3. On the respondent's second point of objection the District Judge agreed with the decision of the District Munsiff that in the absence of any provision in the preliminary decree for the taking of an account no such account could be ordered.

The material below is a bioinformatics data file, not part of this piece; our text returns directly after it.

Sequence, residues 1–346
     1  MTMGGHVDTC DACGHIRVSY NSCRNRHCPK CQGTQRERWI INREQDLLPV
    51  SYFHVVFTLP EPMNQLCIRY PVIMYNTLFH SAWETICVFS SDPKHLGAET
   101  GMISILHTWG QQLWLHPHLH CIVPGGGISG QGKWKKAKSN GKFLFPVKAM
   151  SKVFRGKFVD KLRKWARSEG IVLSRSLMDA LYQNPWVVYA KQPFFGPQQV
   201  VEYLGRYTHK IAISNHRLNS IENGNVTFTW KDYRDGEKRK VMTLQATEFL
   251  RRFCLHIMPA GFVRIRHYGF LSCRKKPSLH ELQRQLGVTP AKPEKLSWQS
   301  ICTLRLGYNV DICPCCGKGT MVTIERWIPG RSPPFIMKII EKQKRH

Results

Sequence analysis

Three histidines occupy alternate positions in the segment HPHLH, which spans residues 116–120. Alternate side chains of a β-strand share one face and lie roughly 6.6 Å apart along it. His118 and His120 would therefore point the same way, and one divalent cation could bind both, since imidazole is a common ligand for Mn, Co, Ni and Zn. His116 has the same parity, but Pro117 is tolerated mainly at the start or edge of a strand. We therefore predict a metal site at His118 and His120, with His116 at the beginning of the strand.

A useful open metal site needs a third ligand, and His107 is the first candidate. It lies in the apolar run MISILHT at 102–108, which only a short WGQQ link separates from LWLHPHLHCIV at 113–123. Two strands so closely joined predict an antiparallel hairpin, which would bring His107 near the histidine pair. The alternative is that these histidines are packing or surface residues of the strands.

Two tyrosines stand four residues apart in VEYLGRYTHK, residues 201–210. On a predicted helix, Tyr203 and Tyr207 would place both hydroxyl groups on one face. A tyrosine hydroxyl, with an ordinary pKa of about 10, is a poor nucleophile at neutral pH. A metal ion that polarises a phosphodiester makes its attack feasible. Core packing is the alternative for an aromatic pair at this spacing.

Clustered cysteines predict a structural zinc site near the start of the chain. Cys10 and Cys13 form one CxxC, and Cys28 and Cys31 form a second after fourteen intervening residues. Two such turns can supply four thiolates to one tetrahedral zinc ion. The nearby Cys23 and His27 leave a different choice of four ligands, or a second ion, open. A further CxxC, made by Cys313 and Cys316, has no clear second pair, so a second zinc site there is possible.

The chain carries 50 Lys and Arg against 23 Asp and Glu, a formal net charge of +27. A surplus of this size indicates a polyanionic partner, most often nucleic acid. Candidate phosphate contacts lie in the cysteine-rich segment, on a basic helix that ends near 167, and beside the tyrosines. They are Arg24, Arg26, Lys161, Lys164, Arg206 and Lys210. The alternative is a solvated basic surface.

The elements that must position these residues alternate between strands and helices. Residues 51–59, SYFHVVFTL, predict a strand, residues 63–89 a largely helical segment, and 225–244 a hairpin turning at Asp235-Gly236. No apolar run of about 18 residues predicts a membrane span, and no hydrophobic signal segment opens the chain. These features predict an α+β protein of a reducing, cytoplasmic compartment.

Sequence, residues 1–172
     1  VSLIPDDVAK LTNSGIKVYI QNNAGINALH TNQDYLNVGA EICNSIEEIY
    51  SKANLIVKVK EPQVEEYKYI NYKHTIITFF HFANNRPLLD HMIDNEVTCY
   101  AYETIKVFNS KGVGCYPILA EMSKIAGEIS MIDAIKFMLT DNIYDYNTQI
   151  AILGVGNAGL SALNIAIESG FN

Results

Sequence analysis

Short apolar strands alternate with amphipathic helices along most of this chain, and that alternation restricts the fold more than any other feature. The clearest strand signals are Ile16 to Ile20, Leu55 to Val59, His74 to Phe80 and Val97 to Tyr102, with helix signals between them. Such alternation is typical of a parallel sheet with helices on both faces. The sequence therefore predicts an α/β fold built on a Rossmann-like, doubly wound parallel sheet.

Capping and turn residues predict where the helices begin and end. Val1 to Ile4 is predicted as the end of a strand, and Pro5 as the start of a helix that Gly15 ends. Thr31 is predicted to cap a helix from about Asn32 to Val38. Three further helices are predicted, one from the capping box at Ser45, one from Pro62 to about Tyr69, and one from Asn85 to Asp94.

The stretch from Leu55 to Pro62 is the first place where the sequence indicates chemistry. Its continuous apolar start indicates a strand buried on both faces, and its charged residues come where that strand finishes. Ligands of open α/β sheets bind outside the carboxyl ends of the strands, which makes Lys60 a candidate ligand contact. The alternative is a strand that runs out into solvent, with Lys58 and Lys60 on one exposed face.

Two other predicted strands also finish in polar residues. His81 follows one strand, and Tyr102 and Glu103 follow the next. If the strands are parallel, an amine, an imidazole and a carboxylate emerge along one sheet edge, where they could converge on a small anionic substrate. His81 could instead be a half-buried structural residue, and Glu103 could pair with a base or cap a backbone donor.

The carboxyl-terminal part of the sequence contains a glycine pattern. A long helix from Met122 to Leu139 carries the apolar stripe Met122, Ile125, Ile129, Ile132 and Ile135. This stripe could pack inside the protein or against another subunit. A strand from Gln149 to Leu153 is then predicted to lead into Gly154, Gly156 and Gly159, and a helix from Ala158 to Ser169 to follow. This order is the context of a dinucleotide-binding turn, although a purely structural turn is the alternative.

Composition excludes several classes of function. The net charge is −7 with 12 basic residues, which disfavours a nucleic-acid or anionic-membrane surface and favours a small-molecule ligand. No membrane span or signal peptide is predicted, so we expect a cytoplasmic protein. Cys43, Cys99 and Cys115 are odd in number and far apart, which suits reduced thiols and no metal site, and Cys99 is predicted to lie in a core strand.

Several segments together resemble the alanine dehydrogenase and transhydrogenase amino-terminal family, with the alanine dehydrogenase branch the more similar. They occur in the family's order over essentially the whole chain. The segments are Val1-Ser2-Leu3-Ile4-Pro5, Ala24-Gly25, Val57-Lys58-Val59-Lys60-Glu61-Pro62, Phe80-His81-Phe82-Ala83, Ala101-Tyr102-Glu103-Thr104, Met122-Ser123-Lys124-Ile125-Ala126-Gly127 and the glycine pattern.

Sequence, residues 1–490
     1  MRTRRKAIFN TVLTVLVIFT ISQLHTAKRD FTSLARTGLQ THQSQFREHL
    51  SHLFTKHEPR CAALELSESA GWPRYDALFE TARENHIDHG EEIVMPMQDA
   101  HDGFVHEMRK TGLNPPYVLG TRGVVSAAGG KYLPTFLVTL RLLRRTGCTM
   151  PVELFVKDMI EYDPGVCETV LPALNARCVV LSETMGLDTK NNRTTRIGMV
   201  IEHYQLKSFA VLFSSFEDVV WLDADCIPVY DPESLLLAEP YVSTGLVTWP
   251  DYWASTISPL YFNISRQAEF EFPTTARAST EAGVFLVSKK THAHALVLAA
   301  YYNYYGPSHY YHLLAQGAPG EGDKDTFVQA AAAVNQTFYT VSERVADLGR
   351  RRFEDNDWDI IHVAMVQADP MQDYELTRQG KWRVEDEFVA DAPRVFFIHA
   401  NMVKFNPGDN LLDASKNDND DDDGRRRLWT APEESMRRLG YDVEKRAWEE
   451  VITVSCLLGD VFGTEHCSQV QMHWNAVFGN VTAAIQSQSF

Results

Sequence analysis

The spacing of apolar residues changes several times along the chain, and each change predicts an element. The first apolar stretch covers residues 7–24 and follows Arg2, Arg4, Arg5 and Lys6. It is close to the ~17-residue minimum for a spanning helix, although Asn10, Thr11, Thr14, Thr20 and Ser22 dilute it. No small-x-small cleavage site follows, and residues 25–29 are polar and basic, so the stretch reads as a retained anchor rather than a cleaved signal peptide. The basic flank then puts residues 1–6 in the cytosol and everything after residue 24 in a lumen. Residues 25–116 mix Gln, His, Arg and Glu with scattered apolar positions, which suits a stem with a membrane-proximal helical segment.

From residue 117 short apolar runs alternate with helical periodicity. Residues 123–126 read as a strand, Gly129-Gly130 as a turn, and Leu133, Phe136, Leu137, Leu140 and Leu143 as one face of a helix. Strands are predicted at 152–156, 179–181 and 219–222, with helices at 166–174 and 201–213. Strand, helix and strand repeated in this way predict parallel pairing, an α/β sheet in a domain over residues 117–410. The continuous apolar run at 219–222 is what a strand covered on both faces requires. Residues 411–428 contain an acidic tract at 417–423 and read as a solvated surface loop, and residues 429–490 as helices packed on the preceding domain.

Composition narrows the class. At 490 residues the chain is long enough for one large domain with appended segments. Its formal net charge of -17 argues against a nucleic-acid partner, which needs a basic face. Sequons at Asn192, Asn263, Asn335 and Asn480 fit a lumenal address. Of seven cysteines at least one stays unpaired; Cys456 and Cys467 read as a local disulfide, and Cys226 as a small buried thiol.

4. On second appeal to this Court, the appellant urges that an appeal lay to the District Judge and that he was entitled to an account of the profits received by the respondent after the date of the preliminary decree and up to the date on which possession was given as a necessary preliminary to the passing of a final decree. That he is so entitled is well-settled law. A mortgage suit continues until the final decree is passed and the relationship of a mortgagor and mortgagee continues until then. Accordingly a mortgagee in possession has until the expiry of that period the liabilities imposed on him by Section 76 of the Transfer of Property Act. It is true that Order 34, Rule 8 does not in terms provide that a mortgagor in a suit for redemption applying for a final decree is entitled to have an account taken of the profits received by the mortgagee in possession between the date of the preliminary decree and the date when possession is given; but the provisions of Order 34 read as a whole clearly indicate that such an account must necessarily be taken. Even if they did not, the right of the mortgagor to such an account is established beyond question by the provisions of Section 76 of the Transfer of Property Act. Again it is beyond question that when a suit whether for sale or redemption of a mortgage is filed it is the duty of the Court to decide in that suit all the claims of the mortgagor and mortgagee under the mortgage up to the date when the final decree is given. Such claims can and indeed must be included in the mortgage suit. If they are not included the person failing to include them is barred thereafter under the provisions of Order 2, Rule 2, Civil Procedure Code, from filing a suit in respect of them. There are a large number of cases both in this Court and in the other Indian High Courts in which these propositions are laid down beyond question. Vinayak v. Dattatraya I.L.R. (1902) 26 Bom. 661, Rukmani Bai v. Venkatesh I.L.R. (1907) 31 Bom. 527, Satyabadi Behara v. Harabati I.L.R. (1907) Cal. 223, Kashi v. Bajrang Prasad I.L.R. (1907) All. 36, Ram Din v. Bhup Singh I.L.R. (1908) All. 225, Chandulal v. Bharat Singh : AIR1935All96 ., Papla Chakrapani Chettiar v. Ramaswami Thenkondan 42 Ind.Cas. 230 and Suppan Chettiar v. Rangan Chetty : AIR1938Mad405 .